12 Days of Blues-Mas | Episode #5
Written by Jered Morin
Being on the road all the time equals tons of hours on planes and trains. Sometimes I even take advantage of those hours, such as when my good friend (and super-talented DJ) Tracy gives me a book on one of my favorite artists.
Otis Redding (a.k.a. The Big O, a.k.a. Mr. Pitiful) was picked as #8 on the 100 Greatest Singers of All Time by Rolling Stones Magazine. Yet he was more than just a voice; he shaped an entire era of music around him. With his keen sense of Soul and Rhythm & Blues, his personal lyrics, and his “leave nothing unexposed” performances, he was like a raw nerve that touched — and continues to touch — everyone who hears his music.
If you’re a fan of Soul or Blues music, stories of rising above musical and racial barriers, or curious about a musician’s process, then this is an enjoyable (if meandering) starting point.
Do you like a good book? I don’t mean the writing; I mean the actual, physical book itself. Then pick up the hardback edition with a stand-out vintage cover that pops on your bookcase / bedroom floor, and pages with classic roughed-up edges that give it seriously sexy “book feel” (that’s like “mouth feel” for food, but, you know, for your fingers instead; you won’t want to eat this book it’s so damn good-looking).
Do you like names? In a short few years, Otis crossed paths with a veritable Who’s Who List of Soul-Blues-Rock artists and was a bridge for their varied musical styles. This book details the long line of artists he took under his wing; songs he wrote for other musicians; acts who shared a stage with him; and the numerous managers who had a hand in his success.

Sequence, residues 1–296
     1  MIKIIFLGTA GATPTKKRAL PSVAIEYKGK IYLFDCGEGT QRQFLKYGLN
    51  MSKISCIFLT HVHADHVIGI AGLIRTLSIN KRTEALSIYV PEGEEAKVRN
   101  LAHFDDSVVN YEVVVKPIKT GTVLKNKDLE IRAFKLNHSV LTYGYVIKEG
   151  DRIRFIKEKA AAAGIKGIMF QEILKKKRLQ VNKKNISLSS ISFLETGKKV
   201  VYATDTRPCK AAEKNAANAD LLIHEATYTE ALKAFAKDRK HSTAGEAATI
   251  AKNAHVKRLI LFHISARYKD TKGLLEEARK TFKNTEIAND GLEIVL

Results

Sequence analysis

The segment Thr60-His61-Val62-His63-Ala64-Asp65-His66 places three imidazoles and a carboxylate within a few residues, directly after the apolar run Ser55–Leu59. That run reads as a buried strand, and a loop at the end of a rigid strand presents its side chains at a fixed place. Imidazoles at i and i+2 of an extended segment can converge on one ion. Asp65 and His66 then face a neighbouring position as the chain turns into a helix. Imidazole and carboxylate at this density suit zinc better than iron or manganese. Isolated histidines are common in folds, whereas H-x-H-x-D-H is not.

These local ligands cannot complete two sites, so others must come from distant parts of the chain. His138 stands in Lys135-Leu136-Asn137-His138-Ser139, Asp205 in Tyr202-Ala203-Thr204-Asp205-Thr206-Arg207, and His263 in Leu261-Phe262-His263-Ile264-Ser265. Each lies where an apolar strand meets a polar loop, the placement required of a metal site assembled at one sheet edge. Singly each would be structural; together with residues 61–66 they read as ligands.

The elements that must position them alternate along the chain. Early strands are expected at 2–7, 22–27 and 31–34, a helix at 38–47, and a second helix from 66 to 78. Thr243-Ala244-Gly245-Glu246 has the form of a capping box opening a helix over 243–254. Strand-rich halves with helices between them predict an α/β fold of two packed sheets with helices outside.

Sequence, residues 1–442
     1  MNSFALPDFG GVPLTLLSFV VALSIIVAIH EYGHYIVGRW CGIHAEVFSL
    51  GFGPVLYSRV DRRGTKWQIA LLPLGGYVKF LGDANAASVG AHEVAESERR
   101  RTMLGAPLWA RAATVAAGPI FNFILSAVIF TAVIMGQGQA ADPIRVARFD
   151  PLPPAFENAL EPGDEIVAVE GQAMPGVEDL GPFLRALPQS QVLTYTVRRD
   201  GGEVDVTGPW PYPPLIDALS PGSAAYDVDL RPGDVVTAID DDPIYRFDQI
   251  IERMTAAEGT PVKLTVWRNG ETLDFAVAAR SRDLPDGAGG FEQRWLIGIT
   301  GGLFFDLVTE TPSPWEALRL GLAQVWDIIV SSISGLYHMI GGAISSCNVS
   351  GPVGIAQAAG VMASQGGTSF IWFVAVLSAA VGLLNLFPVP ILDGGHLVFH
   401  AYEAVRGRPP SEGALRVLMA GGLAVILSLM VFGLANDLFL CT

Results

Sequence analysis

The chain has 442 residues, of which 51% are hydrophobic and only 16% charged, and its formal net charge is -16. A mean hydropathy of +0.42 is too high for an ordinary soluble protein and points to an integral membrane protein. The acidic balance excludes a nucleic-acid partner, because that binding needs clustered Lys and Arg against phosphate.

If your answer to the above was YES, then you’re in luck!
Finding His Roots
The author weaves a tale (sometimes smoothly but sometimes ham-fistedly) of the decisions that shaped the life — even more so than the career — of Otis Redding.
- Why was a tiny city like Macon, Georgia so important to an international star?
- What impact did working with future mega-stars like Sam & Dave, Isaac Hayes, and Booker T. have?
- Whose songs did Otis cover, and who covered him …sometimes better than him?
- How can someone who plays no instruments write songs for an entire band?
If those insights are highlights, then the tough parts of this book bog down in repetition and obvious fan-boy gushing which feels sophomoric. Halfway through the book you’re guaranteed to pause, look up into space, and say out loud, “Yes, we know his daddy was a preacher, which created lots of moral conflicts. Move oooon….” Or, when you cross a section that reads “…but Flanberg didn’t tell Rogers about Williams…” you’ll pause again, squint at the page thinking, “Should I remember who all these people are??”
Yet the biggest disappointment in this book is something the author had no control over: flipping through the pages, you’re aware of slowly getting closer to the inevitable shock, which is….
[ SPOILER ALERT ]
…Leia is Luke’s sister. Wait, I mean, you’re ever one page closer to the fateful flight that ended Otis’ musical journey just as it was peaking at age 26.
Who knows what magic might have been born without that premature ending? Well, this book’s main strength is letting you imagine it with better clarity of the times and players, Otis’ creative process, and the black music industry of the 60s. As a bonus, this book took me longer than normal to read because I kept stopping to listen to the tunes mentioned — and any excuse to put on Otis is alright!
Although there are other Otis books which delve further in-depth on the sources contributing to his sound and feature additional first-person interviews, this is an easily accessible book for building dreams of “what could have been…”
For everyone else, be sure to grab his Live! in London and Paris double-album and escape into a world of a man who can shake huge crowds to their very soul.